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Carbonear woman represents Canada at craft symposium in Japan

Natalie Austin is an artist who makes jewelry from reclaimed copper water pipe, enamelled glass

Natalie Austin

Natalie Austin was invited to attend the recent G7 Craftswomen Symposium in Japan.

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Natalie Austin was shocked when she received a phone call at the end of April that she was chosen to represent Canada at the G7 Craftswomen Symposium in Japan.

With the symposium scheduled for May 18-19, that gave Austin just a few weeks to prepare.

"There's not enough words in the language to describe what kind of an experience it was," she told CBC upon her return.

"I certainly feel very humbled to have been picked. When I think about all the local artists that I admire and look up to and who have been doing this for a lifetime I had a feeling of 'Well, how did I get chosen?' and 'How is it that I' going to be going here?'"

Austin said the trip was an opportunity to interact with the international crafting community, and that the experience has broadened both her knowledge and appreciation for craft.

"I've seen through this experience what has been done in some of the oldest parts of the world for crafts, and then I've seen where we are going in the future."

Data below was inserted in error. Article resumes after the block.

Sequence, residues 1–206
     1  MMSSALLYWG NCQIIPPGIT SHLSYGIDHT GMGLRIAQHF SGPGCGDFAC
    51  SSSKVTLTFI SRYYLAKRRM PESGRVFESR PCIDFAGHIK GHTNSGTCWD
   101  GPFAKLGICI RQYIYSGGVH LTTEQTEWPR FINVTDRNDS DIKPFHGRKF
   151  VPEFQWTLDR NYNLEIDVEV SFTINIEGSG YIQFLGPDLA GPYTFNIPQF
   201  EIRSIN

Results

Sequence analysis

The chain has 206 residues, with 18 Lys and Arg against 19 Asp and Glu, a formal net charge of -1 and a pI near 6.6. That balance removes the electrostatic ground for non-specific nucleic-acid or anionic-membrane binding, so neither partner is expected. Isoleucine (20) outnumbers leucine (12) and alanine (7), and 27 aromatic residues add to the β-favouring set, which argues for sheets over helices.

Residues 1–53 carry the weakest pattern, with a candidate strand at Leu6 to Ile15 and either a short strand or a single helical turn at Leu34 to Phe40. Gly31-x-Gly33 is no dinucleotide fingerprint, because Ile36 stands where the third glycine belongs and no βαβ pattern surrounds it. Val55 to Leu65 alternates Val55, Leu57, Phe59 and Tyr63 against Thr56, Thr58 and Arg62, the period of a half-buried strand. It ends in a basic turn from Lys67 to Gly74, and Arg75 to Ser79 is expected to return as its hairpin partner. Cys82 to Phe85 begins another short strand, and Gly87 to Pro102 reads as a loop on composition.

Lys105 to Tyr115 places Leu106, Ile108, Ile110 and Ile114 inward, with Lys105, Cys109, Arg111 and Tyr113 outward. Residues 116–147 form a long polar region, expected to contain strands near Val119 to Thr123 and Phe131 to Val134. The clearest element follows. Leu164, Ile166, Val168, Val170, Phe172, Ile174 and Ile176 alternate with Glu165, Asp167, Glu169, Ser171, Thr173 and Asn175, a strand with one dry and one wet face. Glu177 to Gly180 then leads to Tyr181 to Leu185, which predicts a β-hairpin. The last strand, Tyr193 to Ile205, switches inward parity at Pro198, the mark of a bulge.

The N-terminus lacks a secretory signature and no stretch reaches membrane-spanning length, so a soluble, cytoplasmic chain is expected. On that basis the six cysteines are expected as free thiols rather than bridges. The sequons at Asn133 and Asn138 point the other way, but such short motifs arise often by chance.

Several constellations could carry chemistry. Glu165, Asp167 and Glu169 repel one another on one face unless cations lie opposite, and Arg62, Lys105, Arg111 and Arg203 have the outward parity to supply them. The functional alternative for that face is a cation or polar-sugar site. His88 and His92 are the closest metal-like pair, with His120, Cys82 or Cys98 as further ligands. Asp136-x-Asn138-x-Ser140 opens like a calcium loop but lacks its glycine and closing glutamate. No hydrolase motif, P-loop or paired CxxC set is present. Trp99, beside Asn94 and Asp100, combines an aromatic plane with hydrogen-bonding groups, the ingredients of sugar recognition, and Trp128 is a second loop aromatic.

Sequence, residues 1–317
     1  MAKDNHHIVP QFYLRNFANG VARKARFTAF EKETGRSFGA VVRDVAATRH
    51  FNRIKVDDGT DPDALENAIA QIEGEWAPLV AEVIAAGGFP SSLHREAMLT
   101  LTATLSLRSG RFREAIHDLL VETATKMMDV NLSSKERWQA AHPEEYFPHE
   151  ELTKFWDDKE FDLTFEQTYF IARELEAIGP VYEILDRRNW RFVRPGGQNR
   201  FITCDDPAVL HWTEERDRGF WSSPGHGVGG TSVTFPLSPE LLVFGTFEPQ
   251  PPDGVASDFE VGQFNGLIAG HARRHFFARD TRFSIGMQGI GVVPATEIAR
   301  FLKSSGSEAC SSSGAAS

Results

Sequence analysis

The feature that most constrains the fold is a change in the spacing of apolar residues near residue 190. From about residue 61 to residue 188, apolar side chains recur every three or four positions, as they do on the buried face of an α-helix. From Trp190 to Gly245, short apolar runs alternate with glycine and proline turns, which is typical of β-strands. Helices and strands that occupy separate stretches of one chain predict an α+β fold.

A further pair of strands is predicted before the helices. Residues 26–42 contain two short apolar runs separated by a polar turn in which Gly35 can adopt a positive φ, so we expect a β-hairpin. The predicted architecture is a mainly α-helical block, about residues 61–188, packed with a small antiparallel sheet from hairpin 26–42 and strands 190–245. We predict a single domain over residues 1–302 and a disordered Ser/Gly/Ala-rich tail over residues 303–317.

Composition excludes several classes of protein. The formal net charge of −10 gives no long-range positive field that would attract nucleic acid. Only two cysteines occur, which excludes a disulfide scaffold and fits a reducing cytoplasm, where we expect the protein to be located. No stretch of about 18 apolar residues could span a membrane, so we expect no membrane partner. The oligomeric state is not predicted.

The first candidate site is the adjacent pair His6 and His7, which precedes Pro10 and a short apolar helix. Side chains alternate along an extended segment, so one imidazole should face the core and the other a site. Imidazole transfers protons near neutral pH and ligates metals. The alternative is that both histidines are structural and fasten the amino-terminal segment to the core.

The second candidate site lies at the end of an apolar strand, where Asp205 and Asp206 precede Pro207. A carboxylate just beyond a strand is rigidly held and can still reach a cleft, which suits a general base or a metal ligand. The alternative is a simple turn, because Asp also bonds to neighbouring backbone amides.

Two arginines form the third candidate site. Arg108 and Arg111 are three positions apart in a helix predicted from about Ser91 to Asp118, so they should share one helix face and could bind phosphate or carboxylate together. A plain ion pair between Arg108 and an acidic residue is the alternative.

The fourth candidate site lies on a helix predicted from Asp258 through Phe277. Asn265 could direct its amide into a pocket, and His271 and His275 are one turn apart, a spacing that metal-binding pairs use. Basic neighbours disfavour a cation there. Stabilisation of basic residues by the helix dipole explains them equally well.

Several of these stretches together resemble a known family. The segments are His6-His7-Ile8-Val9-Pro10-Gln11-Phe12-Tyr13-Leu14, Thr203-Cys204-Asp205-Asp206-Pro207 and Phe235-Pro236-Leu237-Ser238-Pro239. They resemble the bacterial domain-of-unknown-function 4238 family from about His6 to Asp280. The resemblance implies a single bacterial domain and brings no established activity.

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Natalie Austin represented Canada at the international summit.

Copper wire crafting

Austin is an artist who makes jewelry from reclaimed copper water pipe and enameled glass. She is a co-founder of the Dozen Odd Gallery in Carbonear, which she describes as a "collection of artists sharing a space and a place together."

She describes her jewelry-making process as very "rough."

"The technique goes back thousands and thousands of years. So, you're taking a piece of metal and forcing it into a shape by hammering it."

'I certainly feel very humbled to have been picked.' - Natalie Austin

Austin said that her crafting philosophy has been largely shaped by her studies of folklore and vernacular culture at Memorial University. 

"Everything is a story. If you make a piece of jewelry, you have a story to tell with that. If you're wearing a piece of art, a piece of something that comes from someone's hands, that has a story behind it," she said.  

"Every piece of art that everybody has has a story behind it … we've been wearing jewelry that way since the beginning of civilization."She says that even though the trip is over, the experience is still with her.

"It's looking at the world in a whole new way…and now I have the chance, like I have with copper pipe,  to take that vision, and transform it."

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